Group Decision-Making Guide for Activists

There’s a difference between facilitation and decision-making.  Facilitators work within the boundaries of the decision-making structure that exists within a group, be it hierarchy, consensus or spokescouncil structures.   I find there’s limited content or workshops on decision-making, even though it’s such a crucial subject.  Decision-making is essentially about power within a group; who has it, who doesn’t.  Decision-making matters.

In order to provide insight into decision-making, I’ve created a handout that documents some of the decision making models typically used with non-profit and all-volunteer organizations.  I also cover strategies group use to diagnose and alter their group’s decision-making structure.  Please tell me what you think of the content.

Download the handout on group decision making.

I regularly host group decision making workshops through the Tools for Change program.  You can also contact me at jessicambell at gmail dot com if you want a workshop tailored to your group.  If any of you are interested in designing this handout for me then please send me an email.

Seeds of Change Consensus Decision-Making Handout

Seeds of Change has developed a neat consensus decision-making guide.  The practical guide covers the basics, including:

  • an overview of the consensus process
  • consensus in small and large groups
  • and trouble-shooting issues, such as dealing with difficult people.

The one small issue I have with the guide is it’s assumption that consensus is the best decision-making method for groups (I think different groups need to find the method that works for them, and some forms of consensus can be extremely difficult for large groups or groups dealing with a big influx of new people.). Still, that assumption doesn’t detract from the value of the information.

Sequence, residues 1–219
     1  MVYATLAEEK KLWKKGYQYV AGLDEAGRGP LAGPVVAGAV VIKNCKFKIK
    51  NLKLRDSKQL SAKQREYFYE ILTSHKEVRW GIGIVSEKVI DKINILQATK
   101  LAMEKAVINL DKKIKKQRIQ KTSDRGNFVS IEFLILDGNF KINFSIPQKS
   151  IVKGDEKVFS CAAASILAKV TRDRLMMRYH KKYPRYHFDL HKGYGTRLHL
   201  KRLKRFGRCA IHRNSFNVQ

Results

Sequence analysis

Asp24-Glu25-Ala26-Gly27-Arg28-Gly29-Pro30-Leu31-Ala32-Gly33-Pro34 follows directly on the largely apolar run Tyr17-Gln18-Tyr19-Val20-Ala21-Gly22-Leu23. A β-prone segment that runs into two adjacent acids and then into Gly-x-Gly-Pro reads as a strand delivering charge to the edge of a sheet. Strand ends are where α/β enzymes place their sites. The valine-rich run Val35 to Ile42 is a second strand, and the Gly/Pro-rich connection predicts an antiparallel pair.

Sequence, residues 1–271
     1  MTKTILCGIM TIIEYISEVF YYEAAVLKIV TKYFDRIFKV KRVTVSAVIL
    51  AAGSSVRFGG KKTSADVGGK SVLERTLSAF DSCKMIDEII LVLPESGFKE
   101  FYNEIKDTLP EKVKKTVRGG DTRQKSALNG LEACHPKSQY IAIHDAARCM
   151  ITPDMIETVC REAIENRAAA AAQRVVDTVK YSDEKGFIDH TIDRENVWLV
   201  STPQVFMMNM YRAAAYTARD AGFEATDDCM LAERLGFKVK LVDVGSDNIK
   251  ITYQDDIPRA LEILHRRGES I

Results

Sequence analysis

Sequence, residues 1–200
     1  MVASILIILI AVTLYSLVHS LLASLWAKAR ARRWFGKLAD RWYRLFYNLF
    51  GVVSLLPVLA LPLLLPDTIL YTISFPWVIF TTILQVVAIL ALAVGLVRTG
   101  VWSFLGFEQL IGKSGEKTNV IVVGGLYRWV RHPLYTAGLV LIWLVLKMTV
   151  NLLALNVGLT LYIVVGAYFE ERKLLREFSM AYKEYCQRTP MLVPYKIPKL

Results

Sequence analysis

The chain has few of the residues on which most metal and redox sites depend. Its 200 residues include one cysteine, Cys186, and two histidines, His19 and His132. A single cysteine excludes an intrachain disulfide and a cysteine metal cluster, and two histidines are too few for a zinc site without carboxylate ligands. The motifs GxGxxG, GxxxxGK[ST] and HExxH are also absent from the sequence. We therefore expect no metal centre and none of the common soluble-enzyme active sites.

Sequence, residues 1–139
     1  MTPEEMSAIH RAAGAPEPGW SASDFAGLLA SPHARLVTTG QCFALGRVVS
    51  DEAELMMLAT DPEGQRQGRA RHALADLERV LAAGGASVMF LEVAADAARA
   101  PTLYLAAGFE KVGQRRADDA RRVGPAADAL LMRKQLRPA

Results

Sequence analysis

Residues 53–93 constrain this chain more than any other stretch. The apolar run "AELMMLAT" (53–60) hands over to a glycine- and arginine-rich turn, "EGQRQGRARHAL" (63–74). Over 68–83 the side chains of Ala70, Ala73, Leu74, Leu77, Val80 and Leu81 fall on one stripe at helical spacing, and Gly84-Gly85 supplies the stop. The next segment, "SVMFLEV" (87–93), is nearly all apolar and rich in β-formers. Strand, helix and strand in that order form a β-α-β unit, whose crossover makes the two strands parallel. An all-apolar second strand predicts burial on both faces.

The Tyranny of Structurelessness

Freeman wrote “The Tyranny of Structurelessness” in response to her experience as an activist in the feminist movement in the 70s.

At that time, many radical feminist groups did away with formal governance structures, and moved to a fluid informal decision-making process that reflected their enthusiasm to build support networks composed of friends or “sisters”.   The rejection of formal structure was partly due to a conscious rejection to the patriarchal hierarchies many women had suffered through in other social movements.

In this seminal essay Freeman argues that the total abandonment of structure is not wise.  Her argument is that decisions and inequities still exist, despite the absence of formal structures, and it is far easier to examine, critique, and improve formal acknowledged governance structures than it is to reform unacknowledged ones.

In my experience, I have seen many new activists reject structure on the grounds that it is not in line with the “friendly tone” they want to set in the group.  Often the people who don’t want structure are the people who are friends with a lot of other people in the group, and therefore don’t always notice who is being excluded.  I do not see structure as bad in itself; rather I am concerned of undemocratic structures.  I also agree with Freeman that a lack of structure can be just as exclusionary as a hierarchy.

I believe we can and should find a middle ground and develop governance structures that are healthy, equitable, and democratic.  I am currently writing a guide for activists and advocacy groups on developing democratic governance structures.  There’s not a lot written on this topics, but some good resources that I have found include:

– Lakey et al’s book on Grassroots and Non-Profit Leadership,
– Gastil’s Democracy in Small Groups, and
– Dressler’s Consensus Through Conversation